A Data Science Solution to the Question "What is Data Science?"

January 8, 2016

(This article was first published on Engaging Market Research, and kindly contributed to R-bloggers)

As this flowchart from Wikipedia illustrates, data science is about collecting, cleaning, analyzing and reporting data. But is it data science or just or a “sexed up term” for Statistics (see embedded quote by Nate Silver)? It’s difficult to separate the two at this level of generality, so perhaps we need to define our terms.
We begin by making a list of all the stuff that a data scientist might do or know. We are playing a game where the answer is “data scientist” and the questions are “Do they do this?” and “Do they know that?”. However, the “this” and the “that” are very specific. For example, “Data is Processed” can range from simple downloading to the complex representation of visual or speech input. What precisely does a data scientist do when they process data that a programmer or a statistician does not do?
To be clear, I am constructing a very long questionnaire that I intend to distribute to individuals calling themselves data scientists along with everyone else claiming that they too do data science, although by another name. A checklist will work in our game of Twenty Questions as long as the list is detailed and exhaustive. You are welcome to add suggestions as comments to this post, but we can start by expanding on each of the boxes in the above data science flowchart.
Since I am a marketing researcher, I am inclined to analyze the resulting data matrix as if it were a shopping cart filled with items purchased from a grocery store or an inventory of downloads from a video or music provider. The rows are respondents, and the columns are all the questions that might be asked to distinguish among all the various players. Let’s not include sexy as a column.
You may have guessed that I am headed toward some type of matrix factorization. Can we recognize patterns in the columns that reflect different configurations of study and behavior? Are there communities composed of rows clustered together with similar practices and experiences? R provides most of us who have some experience running factor and cluster analyses with a “doable” introduction to non-negative matrix factorization (NMF). You can think of it as simultaneous clustering of the rows and columns in a data matrix. My blog is filled with examples, none of which are easy, but none of which are incomprehensible or beyond your ability to adapt to your own datasets.
What are we likely to find? Will we discover something like anchor words from topic modeling? For instance, it is necessary to work with multiple datasets from different disciplines to be a data scientist? Would I stop calling myself a marketing scientist if I started working with political polling data? Some argue that one becomes a statistician when they begin consulting with others from divergent fields of study.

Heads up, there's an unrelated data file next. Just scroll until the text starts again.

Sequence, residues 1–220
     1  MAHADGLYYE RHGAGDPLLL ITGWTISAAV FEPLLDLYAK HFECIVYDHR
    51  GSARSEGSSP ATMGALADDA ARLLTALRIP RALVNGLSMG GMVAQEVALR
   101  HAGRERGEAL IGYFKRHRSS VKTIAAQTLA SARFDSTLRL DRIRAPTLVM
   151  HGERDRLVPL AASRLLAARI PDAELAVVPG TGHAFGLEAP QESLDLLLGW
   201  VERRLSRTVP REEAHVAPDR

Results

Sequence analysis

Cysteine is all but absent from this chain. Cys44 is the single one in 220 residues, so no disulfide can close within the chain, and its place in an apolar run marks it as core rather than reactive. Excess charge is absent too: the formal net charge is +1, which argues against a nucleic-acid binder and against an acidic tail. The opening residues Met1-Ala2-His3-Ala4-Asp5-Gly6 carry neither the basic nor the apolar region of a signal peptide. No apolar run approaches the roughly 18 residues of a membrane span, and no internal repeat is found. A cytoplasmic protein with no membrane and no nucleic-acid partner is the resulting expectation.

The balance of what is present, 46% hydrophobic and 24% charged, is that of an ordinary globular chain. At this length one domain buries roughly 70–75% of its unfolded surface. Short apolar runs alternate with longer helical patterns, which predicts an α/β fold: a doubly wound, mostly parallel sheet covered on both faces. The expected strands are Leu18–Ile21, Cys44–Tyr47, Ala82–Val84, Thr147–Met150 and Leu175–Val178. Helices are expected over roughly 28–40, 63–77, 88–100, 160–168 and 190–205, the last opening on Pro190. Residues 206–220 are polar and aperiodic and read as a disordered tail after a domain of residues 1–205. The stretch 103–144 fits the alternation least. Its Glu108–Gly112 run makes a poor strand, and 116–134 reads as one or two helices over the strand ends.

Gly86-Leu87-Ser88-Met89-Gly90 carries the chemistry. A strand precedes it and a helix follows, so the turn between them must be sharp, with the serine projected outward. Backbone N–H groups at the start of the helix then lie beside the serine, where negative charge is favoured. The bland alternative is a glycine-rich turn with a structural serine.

What about teaching to students with varied backgrounds in universities or industry? Do we call it data science if one writes and distributes software that others can apply with data across diverse domains? Does proving theorems make one a statistician? How many languages must one know before they are a programmer? What role does computation play when making such discriminations?
What will we learn from dissecting the “corpus” (the detailed body of what we do and know summarized by the boxes in the above data science process)? Extending this analogy, I am recommending that the “physician, heal thyself” by applying data science methodology to provide a response to the “What is Data Science?” question. 
Hopefully, we can avoid the hype and the caricature from the popular press (sexiest job of 21st century). Moreover, I suggest that we resist the tendency to think metaphorically in terms of contrasting ideals. The simple act of comparing statisticians and data scientists shapes our perceptions and leads us to see the two as more dissimilar than suggested by their training and behavior. The distinction may be more nuance than substance, reflecting what excites and motivates rather than what is known or done. The basis for separation may reside in how much personal satisfaction is derived from the subject matter or the programming rather than the computational algorithm or the generative model.

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